He says that a lot. Perhaps some things are left to fate, but it doesn’t have to be this way, I think, and I ask if there are any plans in place for the day he is no longer the last Jew here.
“I don’t want the books or other things removed,” he insists. “Eritrea is a changing place. Who knows? Perhaps a market economy will open and Israelis and other Jews will come to do business. They will need a place to pray.”
I am not sure I share Sami’s optimism. Eritrea has a political system that does not favor nor encourage much foreign enterprise or investment. Tourism is virtually non-existent.
Driving around the palm tree-lined streets of Asmara, Sami points out building after remarkable Art Deco building sometimes for its architectural beauty, but other times to tell a story.
“Oh, we had fun,” he says of his youth. “See the top of that old hotel? There was a bar and a nightclub…It seems to still be open,” he muses as we drive past.
“From the sounds of it, Sami,” I reply, “you were quite the party-goer.”
He smiles coyly, then redirects my attention:
“In this house, I used to spend time with my friends…In that building on the top floor there was a very nice family…Here’s the butcher…There’s my father’s store…”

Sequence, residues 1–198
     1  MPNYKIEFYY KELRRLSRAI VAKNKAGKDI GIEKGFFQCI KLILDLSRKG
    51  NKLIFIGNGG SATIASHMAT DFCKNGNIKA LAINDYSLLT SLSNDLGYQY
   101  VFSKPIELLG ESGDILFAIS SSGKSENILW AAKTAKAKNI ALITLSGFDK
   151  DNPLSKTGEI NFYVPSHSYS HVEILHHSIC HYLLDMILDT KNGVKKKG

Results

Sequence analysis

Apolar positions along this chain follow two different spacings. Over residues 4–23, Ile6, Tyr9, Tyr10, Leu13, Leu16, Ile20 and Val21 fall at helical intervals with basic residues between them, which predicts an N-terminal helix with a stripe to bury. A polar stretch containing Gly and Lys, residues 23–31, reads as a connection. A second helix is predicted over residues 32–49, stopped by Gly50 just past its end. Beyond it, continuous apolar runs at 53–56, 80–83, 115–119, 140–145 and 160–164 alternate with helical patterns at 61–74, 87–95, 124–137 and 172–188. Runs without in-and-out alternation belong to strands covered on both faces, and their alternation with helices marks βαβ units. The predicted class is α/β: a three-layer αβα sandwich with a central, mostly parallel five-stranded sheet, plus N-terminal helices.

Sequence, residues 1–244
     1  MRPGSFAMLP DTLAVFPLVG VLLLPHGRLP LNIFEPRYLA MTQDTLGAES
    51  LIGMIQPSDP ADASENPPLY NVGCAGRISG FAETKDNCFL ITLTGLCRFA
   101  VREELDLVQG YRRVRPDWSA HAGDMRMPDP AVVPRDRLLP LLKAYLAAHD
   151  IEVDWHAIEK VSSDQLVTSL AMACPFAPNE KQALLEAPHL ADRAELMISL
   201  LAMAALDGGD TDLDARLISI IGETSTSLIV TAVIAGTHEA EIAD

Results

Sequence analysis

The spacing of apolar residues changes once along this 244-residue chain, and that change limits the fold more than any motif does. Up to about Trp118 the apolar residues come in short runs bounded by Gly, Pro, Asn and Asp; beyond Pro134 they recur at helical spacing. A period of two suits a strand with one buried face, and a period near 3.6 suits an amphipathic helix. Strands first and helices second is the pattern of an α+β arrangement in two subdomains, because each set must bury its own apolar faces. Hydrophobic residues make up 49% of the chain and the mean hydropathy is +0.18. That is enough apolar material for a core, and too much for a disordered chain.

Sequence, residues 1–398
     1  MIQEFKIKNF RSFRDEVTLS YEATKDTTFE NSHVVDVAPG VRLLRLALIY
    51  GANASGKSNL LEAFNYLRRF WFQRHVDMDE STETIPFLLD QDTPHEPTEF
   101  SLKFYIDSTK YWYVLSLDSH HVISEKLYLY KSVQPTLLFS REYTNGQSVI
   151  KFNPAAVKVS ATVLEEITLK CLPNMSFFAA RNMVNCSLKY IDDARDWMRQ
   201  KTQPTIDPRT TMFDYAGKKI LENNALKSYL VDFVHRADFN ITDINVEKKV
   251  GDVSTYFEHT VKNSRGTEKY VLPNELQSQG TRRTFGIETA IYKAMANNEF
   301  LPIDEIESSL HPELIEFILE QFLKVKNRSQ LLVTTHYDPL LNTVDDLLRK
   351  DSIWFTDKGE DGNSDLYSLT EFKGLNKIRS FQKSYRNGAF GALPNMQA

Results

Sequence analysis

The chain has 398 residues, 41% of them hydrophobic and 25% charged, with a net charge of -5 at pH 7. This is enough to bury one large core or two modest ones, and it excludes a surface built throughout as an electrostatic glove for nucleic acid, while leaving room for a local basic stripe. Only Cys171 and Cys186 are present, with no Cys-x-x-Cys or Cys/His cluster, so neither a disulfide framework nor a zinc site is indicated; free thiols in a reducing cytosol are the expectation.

Sami’s nostalgic tales flow like water down a dry river bed coaxing life into what once was. For three days, he filled my mind with images of a once vibrant and close-knit community.
“We had everything here,” he says. “We had a teacher in the Hebrew school [in the synagogue] who was wonderful. We had a social club. There was nothing we needed.”
His family house (built 1929) was a focal point of many social events.
“Anyone visiting was invited for Shabbat meal. It seems there was always someone in the house.” In the lush garden beneath a canopy of Jacaranda trees in full bloom, he pointed to a vacant spot: “That’s where the sukkah used to be.”
Many times, my eyes were directed by Sami’s index finger to a vacant spot that I was supposed to see in my imagination. In a way, I was in an illusory world, but, of course, I was in Sami’s memory.